James Watson’s lab mates should not be blamed for his offensive views
Congratulations. Your eminent professor has been invited to reflect on their illustrious career in a TV interview. Unfortunately, they’ve decided to use the opportunity to air their unsupported, insupportable ideas on gender, race or sexuality. What do you do?
This was the scenario faced by Cold Spring Harbor Laboratory in the US earlier this year, when its one-time director and Nobel laureate James Watson decided to share his thoughts on people of colour. The organisation subsequently stripped Watson of his honorary titles and publicly distanced itself from his comments. This isn’t the first time Watson has been chastised for his views – CSHL previously removed him from administrative duties in 2007 – and you can bet no one at CSHL is thanking him for the repeat performance.
Of course, Watson speaks for no one but himself. No longer active in research, he is an increasingly isolated figure. But it’s still worth asking questions. Has Watson’s status as a Nobel laureate meant that such views have been overlooked and ignored? And how many peoples’ careers have been impacted by such opinions, with promising candidates overlooked or excluded because of the colour of their skin? Another tricky question is what you would do if it were your supervisor. Speak up? Challenge the behaviour? Or just suffer in silence? Some people will always insist that if you’re not willing to expose the bad seeds, at any cost, you’re as bad as they are. Personally, I think this is too harsh. Consider how a postdoc could challenge an eminent professor. Just speaking up would be an astonishing act of bravery. There are actions you can take (reporting things, talking to others), but ultimately there is only so much anyone can do without imperiling their own career.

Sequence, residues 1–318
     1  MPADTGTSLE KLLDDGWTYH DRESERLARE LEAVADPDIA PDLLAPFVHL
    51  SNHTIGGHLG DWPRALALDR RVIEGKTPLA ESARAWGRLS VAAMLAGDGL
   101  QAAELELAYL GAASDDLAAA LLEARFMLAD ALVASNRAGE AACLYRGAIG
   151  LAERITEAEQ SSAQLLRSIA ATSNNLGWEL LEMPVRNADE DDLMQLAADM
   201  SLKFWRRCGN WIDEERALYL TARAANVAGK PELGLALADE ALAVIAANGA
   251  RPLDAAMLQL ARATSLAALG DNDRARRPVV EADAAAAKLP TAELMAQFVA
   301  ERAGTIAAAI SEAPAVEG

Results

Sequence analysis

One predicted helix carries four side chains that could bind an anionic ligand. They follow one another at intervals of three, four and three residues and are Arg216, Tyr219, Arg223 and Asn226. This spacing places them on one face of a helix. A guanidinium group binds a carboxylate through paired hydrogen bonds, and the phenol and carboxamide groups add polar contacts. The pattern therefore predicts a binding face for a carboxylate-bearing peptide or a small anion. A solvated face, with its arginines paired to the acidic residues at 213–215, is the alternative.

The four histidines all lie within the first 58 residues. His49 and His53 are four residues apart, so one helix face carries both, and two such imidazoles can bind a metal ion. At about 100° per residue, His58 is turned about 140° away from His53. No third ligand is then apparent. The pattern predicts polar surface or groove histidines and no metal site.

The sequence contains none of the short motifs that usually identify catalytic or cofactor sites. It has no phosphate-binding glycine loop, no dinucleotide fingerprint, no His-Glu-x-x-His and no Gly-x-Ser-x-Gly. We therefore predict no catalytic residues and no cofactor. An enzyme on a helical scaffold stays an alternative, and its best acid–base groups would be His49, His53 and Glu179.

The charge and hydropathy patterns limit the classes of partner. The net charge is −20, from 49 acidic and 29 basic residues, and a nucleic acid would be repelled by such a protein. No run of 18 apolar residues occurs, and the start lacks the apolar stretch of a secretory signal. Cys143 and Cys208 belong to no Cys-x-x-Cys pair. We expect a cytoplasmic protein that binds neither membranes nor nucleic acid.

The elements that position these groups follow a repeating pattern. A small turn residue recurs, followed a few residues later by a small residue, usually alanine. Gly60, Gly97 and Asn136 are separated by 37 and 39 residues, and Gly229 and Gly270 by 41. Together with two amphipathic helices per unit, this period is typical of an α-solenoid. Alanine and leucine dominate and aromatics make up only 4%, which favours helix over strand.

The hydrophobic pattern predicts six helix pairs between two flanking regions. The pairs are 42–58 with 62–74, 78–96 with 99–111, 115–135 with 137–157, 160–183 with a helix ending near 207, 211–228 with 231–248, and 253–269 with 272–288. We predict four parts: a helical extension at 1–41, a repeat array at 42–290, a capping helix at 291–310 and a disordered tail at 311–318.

Watson’s ilk invariably try to paint themselves as free thinkers. They’re not. But when they are rightly condemned, spare a thought for their colleagues. They don’t hold those views – they’re just the ones who have had to put up with them.
The title of this article was changed on 23 January 2019. James Watson has never been convicted of racism.